different purchase periods?
One nice aspect of using survival analysis is that it is easy to ask about the
effects of different initial conditions”such as the number of times that a cus­
tomer has visited in the past. Using proportional hazards, it is possible to
determine which covariates have the most effect on the desired outcome,
including which interventions are most and least likely to work.


Forecasting
Another interesting application of survival analysis is forecasting the number
of customers into the future, or equivalently, the number of stops on a given
day in the future. In the aggregate, survival does a good job of estimating how
many customers will stick around for a given length of time.
There are two components to any such forecast. The first is a model of exist­
ing customers, which can take into account various covariates during the cus-
tomer™s life cycle. Such a model works by applying one or more survival
models to all customers. If a customer has survived for 100 days, then the
probability of stopping tomorrow is the hazard at day 100. To calculate the
chance of stopping the day after tomorrow, first assume that the customer
does not stop tomorrow and then does stop on day 101. This is the conditional
survival (one minus the hazard”the probability of not stopping) at day 100
times the hazard for day 101. Applying this to all customer tenures, it is possi­
ble to forecast stops of existing customers in the future.
Figure 12.13 shows such a forecast for stops for 1 month, developed by sur­
vival expert Will Potts. Also shown are the actual values observed during this
period. The survival-based forecast proves to be quite close to what is actually
happening. By the way, this particular survival estimate used a parametric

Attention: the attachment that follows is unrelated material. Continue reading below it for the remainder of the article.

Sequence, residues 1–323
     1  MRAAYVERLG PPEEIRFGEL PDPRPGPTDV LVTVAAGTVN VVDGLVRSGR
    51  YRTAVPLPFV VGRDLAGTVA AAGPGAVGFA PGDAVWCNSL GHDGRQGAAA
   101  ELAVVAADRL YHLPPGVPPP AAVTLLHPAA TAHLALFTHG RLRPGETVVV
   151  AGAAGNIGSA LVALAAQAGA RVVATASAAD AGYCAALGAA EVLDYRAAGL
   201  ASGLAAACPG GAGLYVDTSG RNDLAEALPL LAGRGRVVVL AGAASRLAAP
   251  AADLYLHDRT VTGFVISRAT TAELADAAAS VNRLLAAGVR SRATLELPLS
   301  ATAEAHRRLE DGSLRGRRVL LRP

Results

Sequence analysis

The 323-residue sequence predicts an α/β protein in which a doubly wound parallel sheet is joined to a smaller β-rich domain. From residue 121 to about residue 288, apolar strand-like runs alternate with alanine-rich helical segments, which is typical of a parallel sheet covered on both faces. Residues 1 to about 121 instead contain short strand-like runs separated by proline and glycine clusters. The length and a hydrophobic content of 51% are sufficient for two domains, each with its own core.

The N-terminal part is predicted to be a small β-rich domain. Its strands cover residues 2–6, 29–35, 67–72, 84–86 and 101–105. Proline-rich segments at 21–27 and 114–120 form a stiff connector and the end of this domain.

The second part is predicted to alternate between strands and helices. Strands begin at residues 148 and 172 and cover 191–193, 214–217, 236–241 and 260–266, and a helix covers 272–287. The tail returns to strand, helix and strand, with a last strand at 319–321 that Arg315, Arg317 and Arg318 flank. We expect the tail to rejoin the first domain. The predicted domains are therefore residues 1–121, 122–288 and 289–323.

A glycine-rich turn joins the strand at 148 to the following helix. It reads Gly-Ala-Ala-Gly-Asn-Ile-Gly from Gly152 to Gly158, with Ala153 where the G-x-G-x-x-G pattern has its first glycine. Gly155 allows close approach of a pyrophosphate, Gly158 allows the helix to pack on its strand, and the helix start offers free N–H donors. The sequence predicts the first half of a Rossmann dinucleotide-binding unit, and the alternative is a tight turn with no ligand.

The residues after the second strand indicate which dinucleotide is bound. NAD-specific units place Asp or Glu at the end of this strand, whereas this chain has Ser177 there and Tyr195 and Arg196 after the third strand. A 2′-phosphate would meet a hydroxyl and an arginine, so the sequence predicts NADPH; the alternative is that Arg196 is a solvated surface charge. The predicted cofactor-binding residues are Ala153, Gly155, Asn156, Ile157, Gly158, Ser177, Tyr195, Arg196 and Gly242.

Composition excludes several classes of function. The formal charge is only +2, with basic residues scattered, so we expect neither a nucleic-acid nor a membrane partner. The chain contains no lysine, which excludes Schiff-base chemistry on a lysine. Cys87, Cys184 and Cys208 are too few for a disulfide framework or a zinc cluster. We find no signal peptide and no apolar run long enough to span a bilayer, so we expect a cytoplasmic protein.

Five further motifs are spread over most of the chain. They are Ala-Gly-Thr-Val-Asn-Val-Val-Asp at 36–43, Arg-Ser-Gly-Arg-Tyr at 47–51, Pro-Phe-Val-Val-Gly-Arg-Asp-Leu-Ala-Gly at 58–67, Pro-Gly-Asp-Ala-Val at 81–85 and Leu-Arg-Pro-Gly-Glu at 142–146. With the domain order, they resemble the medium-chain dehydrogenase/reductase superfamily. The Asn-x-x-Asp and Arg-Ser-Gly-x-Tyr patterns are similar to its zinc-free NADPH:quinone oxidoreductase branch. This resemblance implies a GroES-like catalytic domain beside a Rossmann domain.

model on the hazards rather than empirical hazard rates; the model was able
to take into account the day of the week. This results in the weekly cycle of
stops evident in the graph.
416 Chapter 12


Number Actual Predicted
180
170
160
150
140
130
120
110
100
90
80
70
60
50
40
30
20
10
0
1 3 5 7 9 11 13 15 17 19 21 23 25 27 29 31
Day of Month
Figure 12.13 Survival analysis can also be used for forecasting customer stops.


The second component of a customer-level forecast is a bit more difficult to
calculate. This component is the effect of new customers on the forecast, and
the difficulty is not technical. The challenge is getting estimates for new starts.
Fortunately, there are often budget forecasts that contain new starts, some­
times broken down by product, channel, or geography. It is possible to refine
the survival models to take into account these effects. Of course, the forecast is
only as accurate as the budget. The upside, though, is that the forecast, based
on survival techniques, can be incorporated into the process of managing
actual levels against budgeted levels.
The combination of these components”stop forecasts for existing cus­
tomers and stop forecasts for new customers”makes it possible to develop